- David Brown had happy dollars for the $100 check that he received from last week’s program speaker for Moore, OK tornado relief. Before mailing the check off to the Murray, KY Rotary Club that he’s working with on the relief project, David welcomed other Rotary contributions that he could put in the envelope. With his Club Treasurer’s hat on, David was also happy to announce that the Club Board of Directors, instead of awarding one $1500 Interact scholarship this year, has approved two $1,000 scholarships for Salesian High School Interact graduates, Laila Kazmi and Anthony Bell.
- Bill Koziol was happy that his father’s surgery at UCSF was successful (transplanting leg bone to his face for new jaw reconstruction). The wonders of modern science!
- Erle Brown was happy to be heading off with his wife Phyllis for a make-up cruise of Norwegian fjords followed by travel to Lisbon, Portugal to attend the Rotary International Convention (while helping to keep Herb Cole and Jon Lawlis out of trouble).
- Jon Lawlis was happy that drinks in Lisbon are on Erle.
- Don Lau offered some happy dollars to second Jan’s emotions about the Lost Secrets play.
- Sid Chauvin was happy for his daughter returning to work after maternity leave while grandma Zelpha is babysitting.
On the rewards of higher education:
After 4 years of college, the engineering major has learned to ask, “Why is this built just the way it is?”
The economics major asks “How do market forces determine the price of this item?”
And the liberal arts major asks, “Will you be having fries with that?”
Richard Alexander introduced Rear Admiral Tom Cropper, President of the California Maritime Academy (CMA) in Vallejo. Richard’s son, who’s now finishing his senior year at CMA, also played on the school’s rugby team with Tom Cropper’s son, who graduated in 2012.
Admiral Cropper is a graduate of Iowa State University and received his US Navy officer commission in 1981. He pursued a 31-year career as a naval aviator before retiring and becoming President of the CMA.
The CMA is a California State University (CSU) of Engineering, Technology, and Marine Transportation. It is one of 23 campuses in the CSU system and one of only seven degree-granting maritime academies in the United States.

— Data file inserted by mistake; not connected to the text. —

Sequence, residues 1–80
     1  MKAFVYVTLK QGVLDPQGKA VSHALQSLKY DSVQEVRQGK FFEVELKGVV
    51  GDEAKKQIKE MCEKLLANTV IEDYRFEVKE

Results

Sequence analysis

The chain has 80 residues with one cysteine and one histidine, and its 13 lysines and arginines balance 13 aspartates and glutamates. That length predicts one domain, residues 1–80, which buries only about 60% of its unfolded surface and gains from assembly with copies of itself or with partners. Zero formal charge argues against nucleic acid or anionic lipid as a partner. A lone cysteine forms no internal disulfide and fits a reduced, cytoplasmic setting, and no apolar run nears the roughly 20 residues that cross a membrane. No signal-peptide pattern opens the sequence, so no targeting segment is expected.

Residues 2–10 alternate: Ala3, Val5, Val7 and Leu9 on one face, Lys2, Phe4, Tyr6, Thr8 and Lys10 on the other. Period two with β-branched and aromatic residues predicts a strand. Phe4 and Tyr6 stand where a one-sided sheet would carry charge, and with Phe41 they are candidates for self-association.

With about 1,000 undergraduate students enrolled at the 80-acre campus, the CMA offers six different Bachelor degrees and one Master’s Degree in Transportation and Engineering Management.
Key values learned at the CMA are teamwork, trust, reliability, and self-discipline. There is a major emphasis on developing leadership qualities in CMA graduates as they prepare for careers of service. Recognized by various publications as offering an affordable, high-value education, the CMA boasts a 94% job placement rate for its graduates. Licensed ship’s officers can make $70-100K at the age of 22.
As Admiral Cropper pointed out, the CMA is not just a merchant marine academy. It’s a complete maritime university that is
- Adapting to rapid and constant change
- Preparing graduates for a global profession
- Delivering a well-qualified pool of sea-going officers and shoreside intermodal transport experts for national defense and international humanitarian needs (think tsunami and major flooding relief)
- Positioning California for economic vitality in America’s Pacific Century
With water accounting for 70% of the earth’s surface, 80% of food protein, and 90% of world trade transport, the oceans are vital for life as we know it. This quote provided by Admiral Cropper (author unknown) provides a haunting reminder of the ocean’s majesty and mystery: “The sea is huge and it is always changing. Its many moods and unending motion are unforgiving of human weakness and constantly place great stress on people and equipment.”
Rotating Scribe, Tom Waller